Chronic diseases – also known as noncommunicable diseases (NCDs) – kill 41 million people each year, equivalent to 71% of all deaths globally. The rise in chronic disease in both developed and developing countries represents a slow-moving disaster that does not make headlines, but threatens to overwhelm health systems.
Cardiovascular diseases account for most NCD deaths, followed by cancers, respiratory diseases and diabetes. These four diseases account for more than 80% of all deaths from chronic disease, and a large percentage of them occur in low- and middle-income countries as chronic disease treatment overwhelms existing health care resources. According to a recent WHO report, if these countries invested just an additional $1.27 per year per person in a variety of basic prevention programs, it would save 8.2 million lives by 2030. Each dollar invested in these basic steps could translate into $7 in savings during that time. And the Global Pandemic has greatly affected the ability of health care providers and their patients to manage and treat chronic diseases.
Our Family Clinic in El Salvador, mobile health centers in the slums of Mumbai and Free Clinics here in Connecticut along with many of our heatlh care partners here at home and around the world are on the front lines of a growing onslaught of chronic disease such as diabetes and hypertension. Support for treatment matched by prevention and education programs can reverse this trend accompanying urbanization, economic challenges, changing diets and lifestyles. Our educational efforts through the community outreach at the El Salvador Family Clinic or the Health Coach program in our Americares Free Clinics have already demonstrated success in changing unhealthy trends. Support for local health centers plays a leading role in building healthier communities.
From the slums of Mumbai to rural communities in the United States, chronic disease threatens the health of families and entire communities. The critical ready, respond, recovery components for chronic diseases include education and prevention, screening, detection, treatment, management and more education.
Poor access to primary health care for people with NCDs creates a life-threatening situation if a person goes too long without proper diagnosis. The COVID Pandemic has greatly limited access in many communities.
Support for primary care through local health centers such as the Americares Free Clinics in CT to screen and diagnose chronic disease.
Poor access to information about NCDs for people at risk to develop a chronic disease. Misinformation is often a major factor in limiting disease management and treatment.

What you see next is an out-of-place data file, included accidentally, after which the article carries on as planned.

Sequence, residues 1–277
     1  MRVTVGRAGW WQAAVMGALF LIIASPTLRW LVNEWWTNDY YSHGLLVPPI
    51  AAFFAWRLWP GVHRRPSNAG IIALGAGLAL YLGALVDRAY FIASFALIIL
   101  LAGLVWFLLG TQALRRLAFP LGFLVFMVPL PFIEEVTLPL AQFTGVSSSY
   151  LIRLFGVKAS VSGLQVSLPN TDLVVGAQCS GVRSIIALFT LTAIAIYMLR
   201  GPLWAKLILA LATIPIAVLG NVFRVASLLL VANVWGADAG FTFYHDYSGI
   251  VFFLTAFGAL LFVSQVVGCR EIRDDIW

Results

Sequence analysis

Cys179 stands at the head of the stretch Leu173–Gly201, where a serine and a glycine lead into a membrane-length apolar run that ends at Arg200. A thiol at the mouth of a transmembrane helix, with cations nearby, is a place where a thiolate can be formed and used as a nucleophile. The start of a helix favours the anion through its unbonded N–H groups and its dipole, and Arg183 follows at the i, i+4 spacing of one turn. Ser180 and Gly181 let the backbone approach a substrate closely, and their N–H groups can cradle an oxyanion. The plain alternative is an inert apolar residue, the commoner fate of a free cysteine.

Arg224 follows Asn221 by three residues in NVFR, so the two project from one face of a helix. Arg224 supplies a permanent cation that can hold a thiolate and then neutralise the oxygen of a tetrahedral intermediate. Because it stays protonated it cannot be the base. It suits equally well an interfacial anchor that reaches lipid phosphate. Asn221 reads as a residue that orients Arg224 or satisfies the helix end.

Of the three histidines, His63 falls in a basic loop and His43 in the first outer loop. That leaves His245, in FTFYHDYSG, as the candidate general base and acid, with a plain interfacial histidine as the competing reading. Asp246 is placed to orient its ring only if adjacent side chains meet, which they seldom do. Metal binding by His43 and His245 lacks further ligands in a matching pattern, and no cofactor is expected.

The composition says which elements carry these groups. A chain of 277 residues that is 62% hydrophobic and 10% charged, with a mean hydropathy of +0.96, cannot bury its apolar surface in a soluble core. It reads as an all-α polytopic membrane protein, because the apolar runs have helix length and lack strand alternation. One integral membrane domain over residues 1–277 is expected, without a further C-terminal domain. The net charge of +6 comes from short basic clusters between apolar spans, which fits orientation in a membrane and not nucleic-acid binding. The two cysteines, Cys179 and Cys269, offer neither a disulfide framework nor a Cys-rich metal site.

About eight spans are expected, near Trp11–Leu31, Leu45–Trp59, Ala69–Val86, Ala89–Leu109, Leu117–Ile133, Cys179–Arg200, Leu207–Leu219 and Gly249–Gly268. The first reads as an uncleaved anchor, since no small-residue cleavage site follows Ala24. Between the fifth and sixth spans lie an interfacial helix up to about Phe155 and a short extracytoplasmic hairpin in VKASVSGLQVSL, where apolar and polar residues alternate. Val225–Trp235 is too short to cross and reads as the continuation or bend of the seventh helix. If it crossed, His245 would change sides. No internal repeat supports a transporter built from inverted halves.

Support local health center primary care and community outreach capabilities to educate and inform the community about the dangers of untreated chronic disease.
Limited community knowledge about and support for the available means of prevention and/or management.
Community outreach with educational opportunities to provide crucial information, screening, management and prevention services along with ongoing support/coaching to help in lifestyle changes and family participation in those changes. (e.g. Healthy Foods Program)
Supply chain inconsistent due to unreliable medicine and supply sources.
Identify local sources and support by government agencies to be coordinated with external sources so supply chain has built in redundancies and flexibility.
Loss of personal meds and supplies or supply chain disruption due to a natural disaster.
Strong preparedness plan for both local facilities and families in case of disaster to protect available supplies (e.g. generators for refrigeration at facilities and disaster packs pre-stocked with meds for sudden evacuation of families) and to identify alternative sources easily activated/accessed during an emergency.
Texas Diabetes Prevention Program. Learn more.
A digital diabetes prevention program to improve the health of low-income patients in hurricane-impacted communities.
Emergency programs at Americares represent a continuous cycle of Ready, Respond, Recover and then get Ready again, only better. Each disaster presents a new set of challenges to lay the foundation for a better response the next time around. It is a dynamic process, ever changing as more extreme weather and unforeseen manmade crises arise and now the global crisis of chronic disease – always demanding that we increase our knowledge and capabilities. In that work, we are ever mindful and incredibly grateful for the ongoing support of our donors and the presence of local partners who have the ground sense and skill necessary to meet the challenges and often only lack resources to prepare for them.